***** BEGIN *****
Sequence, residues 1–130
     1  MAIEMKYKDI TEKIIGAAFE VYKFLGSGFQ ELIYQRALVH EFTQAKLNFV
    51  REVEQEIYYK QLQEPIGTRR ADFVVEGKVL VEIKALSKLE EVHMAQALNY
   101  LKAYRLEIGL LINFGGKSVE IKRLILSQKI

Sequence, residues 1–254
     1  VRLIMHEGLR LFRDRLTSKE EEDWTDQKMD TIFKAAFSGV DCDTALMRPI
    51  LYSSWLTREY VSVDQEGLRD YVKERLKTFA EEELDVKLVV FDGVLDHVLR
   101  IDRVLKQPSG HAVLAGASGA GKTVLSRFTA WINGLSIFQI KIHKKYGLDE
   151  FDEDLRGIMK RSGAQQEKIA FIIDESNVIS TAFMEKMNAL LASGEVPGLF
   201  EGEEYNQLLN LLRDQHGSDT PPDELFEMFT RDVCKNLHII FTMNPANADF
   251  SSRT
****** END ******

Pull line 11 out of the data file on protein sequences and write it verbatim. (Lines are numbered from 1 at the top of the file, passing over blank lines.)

   251  SSRT